Why Do You Need a Property Manager?

September 16, 2021 0 comment

Written by: Eric Davis

Having a rental property can be financially satisfying. If you have had a property for a long period, you know that managing it demands a large commitment; the supervision and maintenance are time-consuming. Hiring someone or a third-party organization can ease the weight. Though, you’ll need to be exceptionally cautious and attentive with your decision, as this person will represent you to your tenants.

An image showing a manager in the background.

What Is a Property Manager?

A property manager should be dependable and trustworthy, have good communication skills when working with owners, renters, and vendors, and be keen to maintain the property and help improve property values. A landlord can choose what tasks and duties they require to outsource and which they want to do themselves since most property managers offer different payment options such as monthly fee-based and a la carte.

Property managers ensure that rental should be operated according to the owner’s guidance—whether based financially or by living instructions, or both. They’re committed to managing everyday transactions. They find and screen prospective occupants, promote vacancies, manage leasing and agreements, show property tours, handle maintenance and repairs, and settle bills for the property.

How Does it Work?

Their exact responsibilities will vary based on the type of property being managed, the amount they are getting paid, and the management contract terms. There are some important roles a property manager can take on to assist rental property owners.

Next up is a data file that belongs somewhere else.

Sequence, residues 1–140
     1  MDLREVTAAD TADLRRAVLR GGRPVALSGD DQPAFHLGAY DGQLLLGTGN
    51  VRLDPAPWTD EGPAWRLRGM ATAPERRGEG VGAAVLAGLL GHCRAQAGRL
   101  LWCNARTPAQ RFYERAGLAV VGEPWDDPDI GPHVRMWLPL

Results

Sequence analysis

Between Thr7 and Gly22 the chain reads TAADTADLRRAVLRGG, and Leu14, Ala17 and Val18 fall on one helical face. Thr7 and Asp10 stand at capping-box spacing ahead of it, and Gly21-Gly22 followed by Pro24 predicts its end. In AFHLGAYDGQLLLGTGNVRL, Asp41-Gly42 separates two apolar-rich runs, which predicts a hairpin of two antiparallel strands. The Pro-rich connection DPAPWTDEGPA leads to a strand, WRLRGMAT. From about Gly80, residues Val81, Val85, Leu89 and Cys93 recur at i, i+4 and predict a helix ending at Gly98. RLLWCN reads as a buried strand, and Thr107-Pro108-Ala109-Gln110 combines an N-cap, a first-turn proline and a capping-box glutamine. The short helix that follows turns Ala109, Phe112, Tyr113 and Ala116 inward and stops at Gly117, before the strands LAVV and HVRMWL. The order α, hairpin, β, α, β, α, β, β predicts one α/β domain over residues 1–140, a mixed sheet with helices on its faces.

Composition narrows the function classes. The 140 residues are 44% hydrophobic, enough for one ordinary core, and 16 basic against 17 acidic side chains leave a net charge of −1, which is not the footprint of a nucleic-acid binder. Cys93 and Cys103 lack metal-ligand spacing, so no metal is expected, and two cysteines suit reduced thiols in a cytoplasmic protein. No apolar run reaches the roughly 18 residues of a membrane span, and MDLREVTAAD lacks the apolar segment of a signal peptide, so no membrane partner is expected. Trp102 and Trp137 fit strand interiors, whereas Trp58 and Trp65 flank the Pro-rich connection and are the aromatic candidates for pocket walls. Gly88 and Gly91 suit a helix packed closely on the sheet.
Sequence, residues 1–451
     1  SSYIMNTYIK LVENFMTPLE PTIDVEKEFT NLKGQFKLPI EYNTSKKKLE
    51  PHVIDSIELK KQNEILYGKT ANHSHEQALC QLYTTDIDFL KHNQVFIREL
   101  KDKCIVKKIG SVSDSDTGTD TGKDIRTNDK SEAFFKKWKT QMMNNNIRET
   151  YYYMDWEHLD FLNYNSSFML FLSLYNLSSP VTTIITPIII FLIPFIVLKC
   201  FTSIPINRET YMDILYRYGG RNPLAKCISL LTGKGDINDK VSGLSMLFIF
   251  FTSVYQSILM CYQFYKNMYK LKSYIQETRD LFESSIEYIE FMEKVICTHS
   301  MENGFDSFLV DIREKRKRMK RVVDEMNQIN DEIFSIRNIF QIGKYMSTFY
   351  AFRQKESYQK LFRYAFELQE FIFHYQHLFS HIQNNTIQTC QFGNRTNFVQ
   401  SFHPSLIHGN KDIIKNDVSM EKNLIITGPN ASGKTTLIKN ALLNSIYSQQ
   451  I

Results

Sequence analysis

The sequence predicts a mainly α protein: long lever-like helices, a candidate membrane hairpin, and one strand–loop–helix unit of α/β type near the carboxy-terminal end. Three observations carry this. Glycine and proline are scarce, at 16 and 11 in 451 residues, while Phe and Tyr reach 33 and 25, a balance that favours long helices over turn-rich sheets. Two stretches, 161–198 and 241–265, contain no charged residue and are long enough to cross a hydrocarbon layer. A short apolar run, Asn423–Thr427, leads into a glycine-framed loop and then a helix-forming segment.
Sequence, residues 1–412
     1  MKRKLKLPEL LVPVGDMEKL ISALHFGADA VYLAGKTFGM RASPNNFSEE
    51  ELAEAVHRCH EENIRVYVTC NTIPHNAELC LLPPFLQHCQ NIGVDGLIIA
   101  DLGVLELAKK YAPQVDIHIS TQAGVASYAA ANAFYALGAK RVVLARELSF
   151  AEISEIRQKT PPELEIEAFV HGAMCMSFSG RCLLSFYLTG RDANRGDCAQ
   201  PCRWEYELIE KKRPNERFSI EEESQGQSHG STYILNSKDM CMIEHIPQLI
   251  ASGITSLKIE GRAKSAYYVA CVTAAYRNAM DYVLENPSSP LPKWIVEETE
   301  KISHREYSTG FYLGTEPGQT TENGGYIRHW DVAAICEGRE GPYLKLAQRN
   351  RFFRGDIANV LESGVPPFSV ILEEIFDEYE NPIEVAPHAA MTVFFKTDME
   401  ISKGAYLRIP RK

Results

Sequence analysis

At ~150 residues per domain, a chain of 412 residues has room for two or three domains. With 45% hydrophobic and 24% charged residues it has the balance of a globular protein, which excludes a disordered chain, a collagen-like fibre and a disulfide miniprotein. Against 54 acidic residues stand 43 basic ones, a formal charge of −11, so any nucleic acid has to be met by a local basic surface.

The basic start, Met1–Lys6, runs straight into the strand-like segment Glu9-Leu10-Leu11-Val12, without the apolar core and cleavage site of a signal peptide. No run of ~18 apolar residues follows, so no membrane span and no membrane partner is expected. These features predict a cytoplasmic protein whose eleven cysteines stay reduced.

Property managers supervise everything on a daily occurrence. Awareness of how the real estate industry operates, such as modern property or housing trends, is a plus. They perform various tasks and a range of obligations to ensure the rental property is running smoothly.

And note that communication runs both ways: Immediate care to maintenance details is required by law, so your property manager needs to have the most reliable phone number and email to contact you in an emergency.

A photo showing the list of duties a property manager does.

Duties & Responsibilities

  • Safety and Security – Although future renters are considering styles and comfortability, they also want a sense of security. Safety goes hand-in-hand with the location. A secured community is a compelling factor in getting a larger number of tenants. Adding a reliable security feature is one way to make tenants feel safe at all times.
  • Setting and Collecting Rent – A high-priced rental property may remain vacant, while a low-priced property may end up in tenants that are not adaptable to rental market increases. A property manager can assist you in setting the best rental rate that balances maximum monthly profit while keeping a low vacancy rate. To guarantee optimal cash flow, the property manager sets up a method to get tenants’ rent for monthly property costs be paid and strictly implement late fee policies.
  • Screening Tenants – Finding and managing tenants is an added core duty of a property manager. Property managers are the owner’s front that is normally dealt with by tenants. They conduct tenant background screening to get the best-qualified tenants.
  • Property Management – Property managers are responsible for the property’s physical management, including routine maintenance and emergency repairs. The property manager must keep the property in a maintained and habitable condition. Contractors and other repairers’ work must be inspected to ensure it is up to standards and promptly finishes their work.